Earlier, when Yehudah did not recognize her “because she covered her face,” it is not only her face that Tamar covered from Yehudah, but her true essence as well. Had Yehudah been more familiar with who Tamar really was when she was his daughter-in-law, it is unlikely that he would have sent her out after the death of his older sons in the first place. It would have been even less likely that he would have taken so little interest in her as not to see through her disguise later on.

Once Yehudah is able to “recognize,” the Torah tells us that he came to know Tamar, significantly in a situation that is devoid of clothing.iv To follow the key verbs in the narrative, Yehudah first sees but doesn’t know Tamar, then he searches but cannot find her, and finally he is led to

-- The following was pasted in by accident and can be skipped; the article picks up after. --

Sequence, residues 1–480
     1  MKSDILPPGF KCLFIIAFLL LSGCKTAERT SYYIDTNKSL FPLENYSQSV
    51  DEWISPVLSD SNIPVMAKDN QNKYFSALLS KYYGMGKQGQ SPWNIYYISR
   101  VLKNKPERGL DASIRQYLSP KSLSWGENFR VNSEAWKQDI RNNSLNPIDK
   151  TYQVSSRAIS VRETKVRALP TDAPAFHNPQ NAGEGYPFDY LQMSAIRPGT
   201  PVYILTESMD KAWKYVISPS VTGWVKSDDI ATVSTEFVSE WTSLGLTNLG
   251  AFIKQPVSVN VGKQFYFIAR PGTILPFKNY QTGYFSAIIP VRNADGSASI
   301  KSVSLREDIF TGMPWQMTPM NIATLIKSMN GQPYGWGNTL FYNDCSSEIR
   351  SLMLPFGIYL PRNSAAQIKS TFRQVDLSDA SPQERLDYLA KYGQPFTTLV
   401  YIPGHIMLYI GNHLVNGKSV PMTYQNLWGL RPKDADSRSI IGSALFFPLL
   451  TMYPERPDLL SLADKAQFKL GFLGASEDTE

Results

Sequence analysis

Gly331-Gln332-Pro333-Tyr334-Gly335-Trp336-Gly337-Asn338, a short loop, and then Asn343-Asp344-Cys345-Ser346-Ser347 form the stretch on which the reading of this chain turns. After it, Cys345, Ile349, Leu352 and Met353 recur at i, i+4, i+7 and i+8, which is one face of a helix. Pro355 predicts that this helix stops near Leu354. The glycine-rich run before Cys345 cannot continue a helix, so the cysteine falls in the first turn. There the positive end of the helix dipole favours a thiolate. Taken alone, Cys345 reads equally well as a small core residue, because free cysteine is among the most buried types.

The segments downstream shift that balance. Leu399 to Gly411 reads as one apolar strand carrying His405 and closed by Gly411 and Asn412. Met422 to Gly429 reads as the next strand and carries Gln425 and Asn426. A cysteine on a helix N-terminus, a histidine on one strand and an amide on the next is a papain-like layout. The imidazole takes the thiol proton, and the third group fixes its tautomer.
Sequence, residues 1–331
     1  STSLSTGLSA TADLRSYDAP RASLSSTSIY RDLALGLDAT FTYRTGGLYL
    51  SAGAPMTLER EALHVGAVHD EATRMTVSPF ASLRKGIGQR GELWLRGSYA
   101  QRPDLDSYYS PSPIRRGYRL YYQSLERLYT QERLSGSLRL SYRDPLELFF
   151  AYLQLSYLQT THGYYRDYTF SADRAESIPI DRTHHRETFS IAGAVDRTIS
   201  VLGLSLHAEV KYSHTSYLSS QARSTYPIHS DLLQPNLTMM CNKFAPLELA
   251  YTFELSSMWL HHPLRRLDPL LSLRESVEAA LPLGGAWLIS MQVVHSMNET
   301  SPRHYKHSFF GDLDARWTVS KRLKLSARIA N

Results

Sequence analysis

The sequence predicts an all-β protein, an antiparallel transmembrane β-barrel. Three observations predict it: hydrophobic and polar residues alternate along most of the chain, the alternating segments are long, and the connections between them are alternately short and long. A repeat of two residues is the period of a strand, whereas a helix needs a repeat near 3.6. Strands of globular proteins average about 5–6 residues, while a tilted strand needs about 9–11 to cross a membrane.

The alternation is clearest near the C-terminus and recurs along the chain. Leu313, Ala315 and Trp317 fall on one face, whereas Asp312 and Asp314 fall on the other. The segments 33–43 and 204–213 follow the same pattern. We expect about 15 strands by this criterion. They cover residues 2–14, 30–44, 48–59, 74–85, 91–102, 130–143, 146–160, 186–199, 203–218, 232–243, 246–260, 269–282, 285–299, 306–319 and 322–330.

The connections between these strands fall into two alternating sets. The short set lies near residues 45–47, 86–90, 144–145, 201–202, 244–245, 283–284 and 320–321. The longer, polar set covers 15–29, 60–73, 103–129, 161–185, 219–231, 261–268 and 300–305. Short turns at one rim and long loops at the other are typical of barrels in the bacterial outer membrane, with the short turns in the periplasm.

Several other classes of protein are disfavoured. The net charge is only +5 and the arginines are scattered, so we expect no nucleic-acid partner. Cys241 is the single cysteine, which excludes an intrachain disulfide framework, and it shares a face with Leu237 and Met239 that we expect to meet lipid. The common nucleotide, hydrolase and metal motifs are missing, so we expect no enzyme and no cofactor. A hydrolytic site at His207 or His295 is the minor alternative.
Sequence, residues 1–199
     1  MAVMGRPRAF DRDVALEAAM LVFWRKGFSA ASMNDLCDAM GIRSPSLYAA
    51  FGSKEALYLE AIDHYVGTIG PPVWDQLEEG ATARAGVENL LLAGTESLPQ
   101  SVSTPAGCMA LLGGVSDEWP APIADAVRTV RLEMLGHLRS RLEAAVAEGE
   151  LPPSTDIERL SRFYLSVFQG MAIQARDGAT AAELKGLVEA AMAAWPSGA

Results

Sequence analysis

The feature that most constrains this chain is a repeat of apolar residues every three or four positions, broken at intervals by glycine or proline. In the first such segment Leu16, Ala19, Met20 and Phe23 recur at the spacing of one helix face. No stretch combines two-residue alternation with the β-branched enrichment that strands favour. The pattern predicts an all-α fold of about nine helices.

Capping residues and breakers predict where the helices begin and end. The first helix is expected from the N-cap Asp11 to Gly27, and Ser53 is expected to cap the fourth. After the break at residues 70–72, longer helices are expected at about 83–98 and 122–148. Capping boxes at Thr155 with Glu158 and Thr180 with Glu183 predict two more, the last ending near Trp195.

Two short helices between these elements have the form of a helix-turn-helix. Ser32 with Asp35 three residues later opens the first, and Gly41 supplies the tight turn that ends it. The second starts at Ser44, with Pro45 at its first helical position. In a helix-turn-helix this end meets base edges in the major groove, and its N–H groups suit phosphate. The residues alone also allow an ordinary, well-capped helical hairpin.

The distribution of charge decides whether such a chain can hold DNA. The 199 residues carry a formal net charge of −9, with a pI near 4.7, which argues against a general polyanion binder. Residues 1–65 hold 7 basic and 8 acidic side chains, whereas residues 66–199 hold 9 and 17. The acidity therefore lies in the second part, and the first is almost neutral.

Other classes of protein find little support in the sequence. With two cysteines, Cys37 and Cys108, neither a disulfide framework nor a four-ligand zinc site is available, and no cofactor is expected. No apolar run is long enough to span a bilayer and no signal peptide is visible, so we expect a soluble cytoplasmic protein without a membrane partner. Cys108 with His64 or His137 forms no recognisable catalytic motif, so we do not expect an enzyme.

re-cognize, which leads him to ultimately know her and not just her appearance.

Tamar did not reveal her inner self to Yehudah when she was his daughter-in-law, because she must have understood it to be a private affair. If it is to be shared, it is to be shared primarily with G-d and secondarily with one’s spouse and, to a lesser extent, one’s children and students. The inability of a person to really comprehend another without the greatest attention and effort, makes this comprehension something to encourage only from those with whom we seek an intimate relationship. In this regard, covering our bodies serves as a metaphor for the need to conceal our souls as well.